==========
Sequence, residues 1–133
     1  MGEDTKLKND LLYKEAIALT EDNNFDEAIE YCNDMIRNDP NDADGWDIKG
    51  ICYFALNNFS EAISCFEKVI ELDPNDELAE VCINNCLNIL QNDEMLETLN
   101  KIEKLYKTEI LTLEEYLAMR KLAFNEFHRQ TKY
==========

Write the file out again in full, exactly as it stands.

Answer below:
Sequence, residues 1–133
     1  MGEDTKLKND LLYKEAIALT EDNNFDEAIE YCNDMIRNDP NDADGWDIKG
    51  ICYFALNNFS EAISCFEKVI ELDPNDELAE VCINNCLNIL QNDEMLETLN
   101  KIEKLYKTEI LTLEEYLAMR KLAFNEFHRQ TKY